Written by: Jim Zub
Art by: Steve Cummings
Wayward started off with an absolute bang; Issue 1 was amazing, and Issue 2 seems like it’ll continue the trend. The key here is that Wayward is about Rori first and the setting second. Characters are the cornerstones of good fiction, and Jim Zub knows that.
The first half of Issue 2 is mostly Rori’s internal thoughts, both on what happened in the last issue and what her future in Tokyo as an exchange student will hold. Issue 1 introduced a shock, but it was one of monsters; Issue 2 introduces a shock of culture, and it’s hard-hitting. Japan is a different place, and both the reader and Rori learn this very quickly when a teacher suggests Rori dye her naturally red hair to black or brown to match those around her.
Early on, Rori has a panic attack, and how she deals with it is both shocking and wonderfully interesting. I don’t want to spoil what happens though, but a lot is said about her in two quick panels. There’s a divide she faces in Tokyo, being of Japanese descent yet also being a complete outsider now that she’s in Japan, and how she expresses that is somewhat beautiful when you get over the shock of it.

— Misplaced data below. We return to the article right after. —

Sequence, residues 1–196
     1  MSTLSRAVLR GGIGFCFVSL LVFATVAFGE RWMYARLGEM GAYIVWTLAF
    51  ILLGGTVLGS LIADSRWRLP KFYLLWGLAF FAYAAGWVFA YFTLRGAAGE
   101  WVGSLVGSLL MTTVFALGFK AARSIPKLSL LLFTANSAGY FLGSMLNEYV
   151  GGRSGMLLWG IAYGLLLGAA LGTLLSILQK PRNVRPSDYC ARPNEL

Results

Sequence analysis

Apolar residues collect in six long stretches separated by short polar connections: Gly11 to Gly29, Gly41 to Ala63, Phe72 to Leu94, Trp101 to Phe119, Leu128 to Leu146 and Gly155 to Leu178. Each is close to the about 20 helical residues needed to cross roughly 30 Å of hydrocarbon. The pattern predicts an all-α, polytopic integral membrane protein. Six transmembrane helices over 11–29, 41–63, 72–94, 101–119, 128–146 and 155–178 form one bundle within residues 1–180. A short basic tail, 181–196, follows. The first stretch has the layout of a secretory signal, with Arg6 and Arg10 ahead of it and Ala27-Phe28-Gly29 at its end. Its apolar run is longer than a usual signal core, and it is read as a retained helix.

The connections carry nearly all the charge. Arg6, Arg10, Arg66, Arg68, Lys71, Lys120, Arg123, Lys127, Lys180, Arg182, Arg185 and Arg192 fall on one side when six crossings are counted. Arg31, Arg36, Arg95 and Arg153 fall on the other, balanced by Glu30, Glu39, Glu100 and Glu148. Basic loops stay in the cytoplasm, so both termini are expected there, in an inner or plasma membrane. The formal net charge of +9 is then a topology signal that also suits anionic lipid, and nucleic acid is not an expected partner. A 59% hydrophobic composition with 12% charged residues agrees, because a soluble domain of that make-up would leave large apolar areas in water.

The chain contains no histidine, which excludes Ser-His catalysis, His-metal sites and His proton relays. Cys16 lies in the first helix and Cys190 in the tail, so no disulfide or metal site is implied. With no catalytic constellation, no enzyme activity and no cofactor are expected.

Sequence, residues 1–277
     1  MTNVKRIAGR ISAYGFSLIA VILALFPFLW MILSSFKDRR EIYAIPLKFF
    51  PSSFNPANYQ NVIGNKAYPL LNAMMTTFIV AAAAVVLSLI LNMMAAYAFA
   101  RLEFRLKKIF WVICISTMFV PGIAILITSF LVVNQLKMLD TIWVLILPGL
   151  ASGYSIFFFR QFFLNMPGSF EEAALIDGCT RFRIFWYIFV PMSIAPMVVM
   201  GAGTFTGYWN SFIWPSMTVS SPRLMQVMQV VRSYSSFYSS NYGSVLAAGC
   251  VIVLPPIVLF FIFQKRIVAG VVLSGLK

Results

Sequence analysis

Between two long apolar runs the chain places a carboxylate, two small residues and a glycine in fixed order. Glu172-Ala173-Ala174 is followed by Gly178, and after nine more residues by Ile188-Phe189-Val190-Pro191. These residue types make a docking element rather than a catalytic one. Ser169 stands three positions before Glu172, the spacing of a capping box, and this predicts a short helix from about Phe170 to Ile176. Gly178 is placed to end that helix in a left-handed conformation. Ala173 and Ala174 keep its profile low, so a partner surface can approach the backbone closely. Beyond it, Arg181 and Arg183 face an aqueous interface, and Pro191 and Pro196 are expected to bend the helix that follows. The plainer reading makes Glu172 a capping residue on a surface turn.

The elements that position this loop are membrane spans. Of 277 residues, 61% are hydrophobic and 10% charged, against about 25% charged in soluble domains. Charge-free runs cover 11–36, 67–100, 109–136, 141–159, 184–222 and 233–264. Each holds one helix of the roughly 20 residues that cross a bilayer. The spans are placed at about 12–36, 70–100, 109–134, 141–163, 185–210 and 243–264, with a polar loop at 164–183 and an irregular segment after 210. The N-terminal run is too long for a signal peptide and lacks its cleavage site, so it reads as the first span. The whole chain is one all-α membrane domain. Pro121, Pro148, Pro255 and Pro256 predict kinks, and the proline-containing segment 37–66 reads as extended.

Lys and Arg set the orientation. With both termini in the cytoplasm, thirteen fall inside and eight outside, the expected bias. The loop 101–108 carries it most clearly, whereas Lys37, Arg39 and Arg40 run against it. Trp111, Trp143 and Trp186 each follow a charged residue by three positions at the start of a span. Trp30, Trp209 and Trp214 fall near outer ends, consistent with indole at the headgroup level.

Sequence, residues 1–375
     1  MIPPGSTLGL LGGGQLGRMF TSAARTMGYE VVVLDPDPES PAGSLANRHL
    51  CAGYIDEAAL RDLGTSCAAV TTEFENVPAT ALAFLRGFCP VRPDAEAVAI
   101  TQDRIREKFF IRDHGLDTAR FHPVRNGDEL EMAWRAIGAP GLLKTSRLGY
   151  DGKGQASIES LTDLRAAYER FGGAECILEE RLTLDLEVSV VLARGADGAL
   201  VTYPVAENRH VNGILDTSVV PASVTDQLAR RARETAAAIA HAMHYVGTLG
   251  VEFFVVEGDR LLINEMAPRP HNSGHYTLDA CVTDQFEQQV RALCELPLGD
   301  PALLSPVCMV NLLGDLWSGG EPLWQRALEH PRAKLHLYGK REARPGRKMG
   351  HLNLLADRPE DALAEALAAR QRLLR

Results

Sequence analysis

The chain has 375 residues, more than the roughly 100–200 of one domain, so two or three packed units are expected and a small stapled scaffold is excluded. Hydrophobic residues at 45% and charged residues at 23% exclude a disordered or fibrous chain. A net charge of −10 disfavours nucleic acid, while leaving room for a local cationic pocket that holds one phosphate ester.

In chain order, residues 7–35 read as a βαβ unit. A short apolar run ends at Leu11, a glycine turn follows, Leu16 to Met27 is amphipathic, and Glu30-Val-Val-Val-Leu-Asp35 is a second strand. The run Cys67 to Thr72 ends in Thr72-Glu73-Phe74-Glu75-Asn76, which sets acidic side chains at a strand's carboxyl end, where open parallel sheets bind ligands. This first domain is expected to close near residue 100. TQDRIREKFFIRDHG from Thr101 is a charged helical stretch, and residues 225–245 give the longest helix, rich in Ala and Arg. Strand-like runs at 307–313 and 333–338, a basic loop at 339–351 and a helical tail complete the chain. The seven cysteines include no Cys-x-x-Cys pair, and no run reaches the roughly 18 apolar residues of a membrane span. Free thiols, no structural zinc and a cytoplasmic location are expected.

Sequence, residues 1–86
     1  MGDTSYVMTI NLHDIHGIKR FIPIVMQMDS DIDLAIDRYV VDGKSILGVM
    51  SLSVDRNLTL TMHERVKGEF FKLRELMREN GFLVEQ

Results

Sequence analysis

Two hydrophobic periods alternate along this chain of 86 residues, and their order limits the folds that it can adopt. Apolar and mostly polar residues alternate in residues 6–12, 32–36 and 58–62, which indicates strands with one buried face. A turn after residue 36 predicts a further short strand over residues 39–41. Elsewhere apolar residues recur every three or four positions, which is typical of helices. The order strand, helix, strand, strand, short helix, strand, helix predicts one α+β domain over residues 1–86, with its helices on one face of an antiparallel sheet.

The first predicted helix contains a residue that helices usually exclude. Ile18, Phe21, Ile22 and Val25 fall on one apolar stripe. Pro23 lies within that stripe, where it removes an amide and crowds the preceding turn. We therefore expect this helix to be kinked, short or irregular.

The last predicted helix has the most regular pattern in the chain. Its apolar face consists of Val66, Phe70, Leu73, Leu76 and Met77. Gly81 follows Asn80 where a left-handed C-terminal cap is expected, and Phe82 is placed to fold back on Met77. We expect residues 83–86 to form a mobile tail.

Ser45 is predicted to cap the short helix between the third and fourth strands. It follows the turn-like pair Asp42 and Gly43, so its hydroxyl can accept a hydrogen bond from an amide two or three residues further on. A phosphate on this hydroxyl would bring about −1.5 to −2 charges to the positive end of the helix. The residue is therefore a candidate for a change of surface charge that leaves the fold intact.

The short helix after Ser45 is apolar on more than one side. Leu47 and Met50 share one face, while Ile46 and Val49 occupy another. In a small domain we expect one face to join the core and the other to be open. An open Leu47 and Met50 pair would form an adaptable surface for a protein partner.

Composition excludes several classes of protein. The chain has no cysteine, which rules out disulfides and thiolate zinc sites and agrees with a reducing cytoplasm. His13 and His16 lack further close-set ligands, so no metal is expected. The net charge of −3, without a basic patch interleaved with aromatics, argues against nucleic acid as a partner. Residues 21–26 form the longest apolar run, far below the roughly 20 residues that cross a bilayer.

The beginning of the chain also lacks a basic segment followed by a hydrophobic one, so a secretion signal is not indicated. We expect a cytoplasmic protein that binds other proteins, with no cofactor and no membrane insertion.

I want to know more about her.
Like the first issue, Rori is hit with certain visions where pathways show up, and like before, she continues to follow them to “connect the dots.” As far as superpowers go, this isn’t as flashy as talking to fish ala Aquaman, but it’s really interesting. There’s something passively utilitarian in being able to see what others cannot, and that makes Rori an interesting hero when it comes to fighting the oddities plaguing Tokyo.
A new character is introduced this time around, a boy named Shirai. I’m not quite sure what role he will ultimately play, though he has his own strange powers to him. I’m sure they come with a turbulent past as well. My worry is that he’ll become some kind of love interest and Wayward will devolve into teen romance. That worry is probably unfounded, but it is there.
There was more bang in Issue 1 than Issue 2, but Issue 2 is continuing the trend of building and following a character worth reading about. As a reader, I can’t ask for much more than that.